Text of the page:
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Divergence in Strategic Planning: Chian Kai-shek's Mission to Moscow, 1923* by Eugene W. Wu For three months from September 2 to November 29, 1923, Chiang Kai-shek was in the Soviet Union as head of a four-man military mission appointed by Dr. Sun Yat-sen. The purpose of the mission was to seek Russian support of and participation in a military strategy aimed at the defeat of the northern militarists and the seizing of power by the Kuomintang. But Chiang's mission was not successful. While the Kuomintang focused its attention on unifying China through military means, the Soviet Union favored political mobilization of the masses before milttary action. This paper attempts to analyze this divergent approach to strategic planning by Canton and Moscow as illustrated by Chiang Kai-shek' s mission in 1923. In order to understand the mission in its proper historical context. we shall first examine the relations between Sun Yat-sen and the Soviet Union prior to the mission. Sun Yat-sen and the Soviet Union Sun Yat-sen's earliest official contact with the Soviet Union was in 1918, when he sent Lenin a congratulatory message on the success of the Russian Revolution. [1] Georgii Chicherin, Soviet Commissar for Foreign Affairs, in his response praised Sun for his struggle against "the north Chinese and foreign imperialist governments ," and cast the Soviet lot with that of the Chinese. [2] It was two years after this initial exchange of good will that Sun had his first direct contact with a representative of the Soviet Un:ion.[3] This took place in November 1920, when Gregory Voitinsky, head of the Eastern Department of the Communist International, called on him in Shanghai. Sun asked questions about Russia and the Russian Revolution, and explained to Voitinsky his military plans to carry the revolutionary movement from the South to the central and northern provinces. Although not seeking Russian assistance at this time, he did propose that the Russians build a powerful radio station in Vl~divostok or Manchuria, so that Canton could communicate with the Russians.[4] In March 1921, Dr. Sun met with one Alexieff, who had come to Canton to establish a branch of the Rosta News Agency, reportedly for the purpose of helping with Chinese propaganda work.[5] * This is a revised version of a paper presented at the Conference on Chiang Kai-shek and Modern China held in Taipei in 1986. The paper was published in the Proceedings of the Conference on Chiang Kai-shek and Modern China (Taipei, 1987), Vol. 2: 58-76. I am grateful to Professor Li Yun-han for permission to republish it here. 18 By this time Sun Yat-sen 1 s interest in Russia and Russian experience was deepening. In response to a communication from Chicherin of June 1921, Sun wrote on August 28 of that year: I would like to enter into personal contact with you and your friends in Moscow. I am extremely interested in your work, and particularly in the organization ·of your soviets, your army, and educational system. I would like to know what you and your friends can tell me about these matters, and particularly about education .... [6] These early contacts paved the way for three subsequent meetings Sun Yat-sen had with representaiives of the Communist International on the substance of a prpspective Canton-Moscow alliance: his meeting with Hendrick SneevHet (Maring) in December 1921; with Serge Dalin in June ,1922; and with Adolf Joffe in January 1923. Maring, as Sneevliet was known in China, was a Dutch Comintern agent who was active in Java before his expulsion, and arrived in China in June 1921 to succeed Voi tinsky as the Comintern agent. Much has been written about his meetings with Sun Yat-sen in December 1921, in Kweilin.[9] Based on these accounts, we learn that Maring urged an alliance between the Kuomintang and the Soviet Union, and that he also put forth three other proposals: ( 1) reorganizing the Kuomintang to include all social classes, especially the peasants and the workers; (2) establishing a military academy to build up a revolutionary armed force; and (3) cooperating with the Chinese Communist Party...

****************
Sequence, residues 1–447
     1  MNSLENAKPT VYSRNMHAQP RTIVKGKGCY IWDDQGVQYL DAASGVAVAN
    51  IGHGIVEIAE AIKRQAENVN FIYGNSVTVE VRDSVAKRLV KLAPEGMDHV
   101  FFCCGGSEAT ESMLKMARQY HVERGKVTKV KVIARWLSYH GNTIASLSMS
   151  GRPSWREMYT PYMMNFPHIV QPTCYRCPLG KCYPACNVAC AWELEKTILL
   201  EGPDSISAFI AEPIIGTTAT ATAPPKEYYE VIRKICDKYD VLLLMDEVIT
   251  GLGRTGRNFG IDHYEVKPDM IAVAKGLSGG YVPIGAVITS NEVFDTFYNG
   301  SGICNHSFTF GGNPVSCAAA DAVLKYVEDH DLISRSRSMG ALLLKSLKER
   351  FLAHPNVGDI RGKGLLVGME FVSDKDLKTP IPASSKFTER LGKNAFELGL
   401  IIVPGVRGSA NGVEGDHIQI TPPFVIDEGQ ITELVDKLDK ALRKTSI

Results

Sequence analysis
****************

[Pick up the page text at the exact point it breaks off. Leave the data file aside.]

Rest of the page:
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Additional Information

ISSN
1940-5065
Print ISSN
1521-5385
Pages
pp. 18-34
Launched on MUSE
2021-05-25
Open Access
No
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